Universalizability: A Study in Morals and Metaphysics [Book Review]

Review of Metaphysics 35 (3):625-627 (1982)

This study provides a formal framework for considering the so-called "Universalizability Principle" in morality and its relation to such metaphysical theses as "Leibnizianism". That these claims are thought to be ethical and metaphysical in import provides the point of the subtitle. In spite of this, however, Rabinowicz's study is less an examination of the arguments which may be given for or against these claims or the uses which may be made of them in morals or metaphysics, than an attempt on a possible worlds model to frame them clearly and to explore their logical mesh. In the introductory chapter Rabinowicz is concerned first to make clear to us what principle it is which he wishes to designate as the Universalizability Principle and to distinguish it from certain others, e.g., the Golden Rule, Kant's Categorical Imperative, Singer's Generalization Principle, Hare's "thesis of universalizability," and principles of impartiality and fairness, with which it may be confused. Specifically, UP represents a claim that the moral properties of things are essentially independent of what might be called their "individual aspects." In terms of his framework, where w, v, u, and z are possible worlds, E represents an equivalence relation of some unspecified manner of sufficient similarity in non-individual aspects, and D is read as "is a deontic alternative to," UP has the following form: if wEv and wDu, then there is a z such that vDz and uEz. On this formulation we are enabled to see where the main problem with UP lies: E must be specified in such a way as to provide significance for UP, i.e., so as to provide us with a clear, non-trivial, non-vacuous formulation of UP which yet conforms to the intuitions of those ethicists who are "universalists." It is this problem and its proposed solution which constitutes the real theme of this book. For suppose that E is specified in terms of either of the two most intuitively obvious and appealing candidates, namely, "exact similarity" and "morally relevant similarity." Then, on Leibnizianism, the exact-similarity variant becomes trivial, whereas the relevant-similarity variant is, by virtue of the systematic unclarity of the notion of "relevance," confusing and useless. Because he accepts the possibility that Leibnizianism may be true, Rabinowicz conceives of his task as one of inquiring whether some third variant of UP can be framed which slips between the horns of this dilemma.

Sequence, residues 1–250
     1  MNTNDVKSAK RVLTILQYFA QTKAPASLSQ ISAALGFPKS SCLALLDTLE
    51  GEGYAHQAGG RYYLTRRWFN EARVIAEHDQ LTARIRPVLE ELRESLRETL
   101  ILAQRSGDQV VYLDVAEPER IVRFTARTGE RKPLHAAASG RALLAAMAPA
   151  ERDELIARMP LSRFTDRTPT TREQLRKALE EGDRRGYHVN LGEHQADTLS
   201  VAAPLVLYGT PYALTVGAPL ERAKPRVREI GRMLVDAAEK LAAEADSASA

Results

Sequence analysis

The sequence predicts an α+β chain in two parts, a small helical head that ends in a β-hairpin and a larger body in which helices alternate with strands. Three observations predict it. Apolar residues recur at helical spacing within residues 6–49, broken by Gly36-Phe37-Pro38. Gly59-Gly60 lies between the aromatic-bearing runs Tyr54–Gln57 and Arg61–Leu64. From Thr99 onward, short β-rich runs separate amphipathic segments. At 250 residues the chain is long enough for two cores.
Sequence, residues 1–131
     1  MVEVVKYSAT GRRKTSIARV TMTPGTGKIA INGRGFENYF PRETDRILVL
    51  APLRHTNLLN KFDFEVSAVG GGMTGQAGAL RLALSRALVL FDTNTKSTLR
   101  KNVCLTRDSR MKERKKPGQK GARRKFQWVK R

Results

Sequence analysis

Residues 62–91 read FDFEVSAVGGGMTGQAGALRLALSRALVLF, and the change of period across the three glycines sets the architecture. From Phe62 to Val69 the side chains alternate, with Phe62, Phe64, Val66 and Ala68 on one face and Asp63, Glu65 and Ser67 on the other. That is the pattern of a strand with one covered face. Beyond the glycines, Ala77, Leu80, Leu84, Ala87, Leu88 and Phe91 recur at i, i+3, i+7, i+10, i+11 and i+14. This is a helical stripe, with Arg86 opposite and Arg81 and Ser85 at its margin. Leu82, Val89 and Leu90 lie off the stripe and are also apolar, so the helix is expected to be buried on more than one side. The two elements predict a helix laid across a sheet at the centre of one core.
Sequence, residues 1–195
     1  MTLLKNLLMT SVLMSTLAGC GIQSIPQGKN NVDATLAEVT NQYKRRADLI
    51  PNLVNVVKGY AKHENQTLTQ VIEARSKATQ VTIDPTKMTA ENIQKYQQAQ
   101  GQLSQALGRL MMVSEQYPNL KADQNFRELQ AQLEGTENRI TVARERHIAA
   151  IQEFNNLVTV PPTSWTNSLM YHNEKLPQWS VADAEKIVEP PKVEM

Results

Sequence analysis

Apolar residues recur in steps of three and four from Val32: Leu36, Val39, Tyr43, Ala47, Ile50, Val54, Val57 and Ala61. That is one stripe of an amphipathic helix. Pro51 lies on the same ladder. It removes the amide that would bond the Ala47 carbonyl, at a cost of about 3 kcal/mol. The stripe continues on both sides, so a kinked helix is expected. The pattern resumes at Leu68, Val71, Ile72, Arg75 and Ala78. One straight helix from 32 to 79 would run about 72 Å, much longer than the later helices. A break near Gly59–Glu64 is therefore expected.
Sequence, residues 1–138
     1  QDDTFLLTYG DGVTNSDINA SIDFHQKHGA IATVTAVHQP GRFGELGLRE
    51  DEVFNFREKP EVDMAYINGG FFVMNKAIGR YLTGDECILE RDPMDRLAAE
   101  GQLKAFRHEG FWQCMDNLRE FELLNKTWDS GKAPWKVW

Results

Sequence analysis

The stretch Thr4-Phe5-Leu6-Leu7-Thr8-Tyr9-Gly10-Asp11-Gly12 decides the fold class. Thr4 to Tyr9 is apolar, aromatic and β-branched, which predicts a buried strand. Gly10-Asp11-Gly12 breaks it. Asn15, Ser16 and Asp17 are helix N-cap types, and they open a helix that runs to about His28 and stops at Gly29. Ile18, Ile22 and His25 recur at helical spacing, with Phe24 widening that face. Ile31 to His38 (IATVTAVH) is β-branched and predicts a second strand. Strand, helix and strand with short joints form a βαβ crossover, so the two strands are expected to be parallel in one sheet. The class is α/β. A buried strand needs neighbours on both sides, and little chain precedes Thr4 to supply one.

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DOI revmetaph198235333
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